This is the second of a three-part column series covering the recent Battlefields and Baguettes tour in London, Belgium, Normandy, and Paris.
YPRES, BELGIUM— This inaugural Battlefields and Baguettes tour was coordinated through the University of Southern Mississippi’s International Programs Department and all logistics were handled through that office. I have become a HUGE fan of all the people who work in Southern Miss’ overseas studies programs which hosts one of the largest British studies programs in the nation. I am also a fan of Dr. Andy Wiest, Southern Miss history professor and war historian, who has covered all of the historical aspects of this tour through his on-site World War I and World War II battlefield lectures.
Wiest has nailed the “battlefields” leg of this journey. His extensive knowledge on all war-related subjects is humbling. The Dale Center for the Study of War and Society at his employer, Southern Miss, is widely considered one of the top three centers of its kind in the entire country. When it comes to war history Wiest has street cred.
As for the “baguettes” side of the coin, one look at me and you know I haven’t missed many meals. Granted, it is a challenge booking reservations for 20 people in small European cafes, using a limited budget, but I have a secret weapon over here, details to come.
DAY FIVE— So many times the unexpected events that pop up during overseas travel wind up becoming the more memorable aspects of the journey. Such is the case here in Ypres.
Tonight was a free night for our dining group, which meant I had the night off from hosting dinner. Local chef Robert Van Eygen— an energetic and passionate young man with an infectious personality, whom I had met just two nights ago— invited me to dinner at his home. We dined in his restaurant, Pacific Eiland, last night and after I reached my hotel room, well after midnight, he phoned and said, “I want you to come to my house. I will feed you. Just say yes. Do not say no.”
I said “yes.” He asked me to bring my wife, another member of our group who wasn’t able to make dinner at his restaurant, and two more guests.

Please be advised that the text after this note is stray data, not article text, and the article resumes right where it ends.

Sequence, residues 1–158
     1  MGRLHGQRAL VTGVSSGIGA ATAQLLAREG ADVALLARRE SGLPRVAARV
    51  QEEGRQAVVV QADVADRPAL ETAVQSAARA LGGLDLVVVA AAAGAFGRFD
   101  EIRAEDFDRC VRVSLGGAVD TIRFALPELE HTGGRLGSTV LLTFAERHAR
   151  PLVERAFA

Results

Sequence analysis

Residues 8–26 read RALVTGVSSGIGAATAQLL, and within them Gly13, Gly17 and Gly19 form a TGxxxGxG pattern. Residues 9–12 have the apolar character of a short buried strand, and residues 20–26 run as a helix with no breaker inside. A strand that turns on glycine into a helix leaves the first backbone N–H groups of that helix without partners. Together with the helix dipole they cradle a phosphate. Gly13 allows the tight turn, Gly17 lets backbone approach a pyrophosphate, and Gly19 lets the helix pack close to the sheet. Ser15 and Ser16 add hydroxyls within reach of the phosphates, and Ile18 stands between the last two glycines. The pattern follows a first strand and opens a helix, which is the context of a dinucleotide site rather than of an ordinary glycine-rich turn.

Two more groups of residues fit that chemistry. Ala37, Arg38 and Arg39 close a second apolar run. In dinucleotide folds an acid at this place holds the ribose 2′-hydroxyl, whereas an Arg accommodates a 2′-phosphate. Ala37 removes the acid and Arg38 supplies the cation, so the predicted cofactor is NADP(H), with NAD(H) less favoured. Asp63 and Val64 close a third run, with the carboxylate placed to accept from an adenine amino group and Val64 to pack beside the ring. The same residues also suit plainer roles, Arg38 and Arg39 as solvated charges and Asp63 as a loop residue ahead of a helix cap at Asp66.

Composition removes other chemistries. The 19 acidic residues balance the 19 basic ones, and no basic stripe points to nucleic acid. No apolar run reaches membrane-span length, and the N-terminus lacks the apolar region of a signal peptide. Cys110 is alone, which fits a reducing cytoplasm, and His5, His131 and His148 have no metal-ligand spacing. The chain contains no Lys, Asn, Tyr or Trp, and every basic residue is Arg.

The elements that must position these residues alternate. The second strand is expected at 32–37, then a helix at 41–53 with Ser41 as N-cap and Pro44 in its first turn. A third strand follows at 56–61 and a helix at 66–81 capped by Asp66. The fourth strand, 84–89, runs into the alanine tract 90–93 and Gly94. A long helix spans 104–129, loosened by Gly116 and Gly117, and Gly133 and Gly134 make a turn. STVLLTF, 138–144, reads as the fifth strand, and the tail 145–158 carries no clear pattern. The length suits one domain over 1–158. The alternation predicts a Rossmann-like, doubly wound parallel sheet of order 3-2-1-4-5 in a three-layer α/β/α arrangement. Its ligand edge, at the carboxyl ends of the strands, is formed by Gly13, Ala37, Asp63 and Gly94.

The five of us loaded up in Van Eygun’s Chevrolet and sped through the small stone streets of Ypres on our way to his home.
The house was large, filled with tasteful antiques, and had well-manicured grounds. The chef lives there with his wife, their children, and his mother. After the usual greetings and pleasantries we were seated at a table on a patio overlooking the expansive lawn.
Van Euygun, an extremely talented chef, began to feed us from his home kitchen while we visited with his mother, a lovely French woman, and his charming Dutch wife, both of whom spoke English well (which is a good thing because I only know menu French and no one in our group knew even a syllable of Dutch).
It was a magical night. The meal started with cured ham and hard cheeses, which were passed, followed by oysters, freshly shucked by our host. The couple has four children— three young boys and a newborn baby girl. The boys were playing soccer in a side yard, though the youngest one kept begging raw oysters from his father. Next the chef served shrimp croquettes, followed by foie gras with fig compote, and then a sampling of the best house-smoked salmon I have ever tasted. Ever. Period. We had eaten Van Eygun’s salmon the two previous nights and were grateful to be sampling it again. He promised to send me all three recipes, and joked, “you are not competition for me.”
As the sun began to set we moved to another table across the lawn under a quaint pergola and were seated next to a roaring fire. The main course, King Crab, intrigued me. We were sitting in Belgium eating Alaskan crab but the chef prepared it differently than we typically see around here. He took part of the stock and made a reduction with white wine, and butter and served it over the top of the cracked crab legs with an accompanying bowl of rice— very good.
A very European cheese course was served after the entrees and the meal ended with homemade ice cream, brandied fruit and an apple tart that I had picked up from a baker one town over.
The dinner was very good, the company was better, the conversation was lively, and the entire experience was one of those moments that tend to happen when all of the stars align and people from two very different parts of the world come together over food. In that moment friendships are made and lifelong memories are established.
A few years ago we secured similar friendships with people in Milan and Tuscany. We stay in touch and have seen them several times over the past few years. This was one of those nights. These were new friends who opened their home to us. We hope to return the favor back in the United States, soon.
Tomorrow we will be back in the trenches— literally— but for now I will bask in the memory of friendships gained.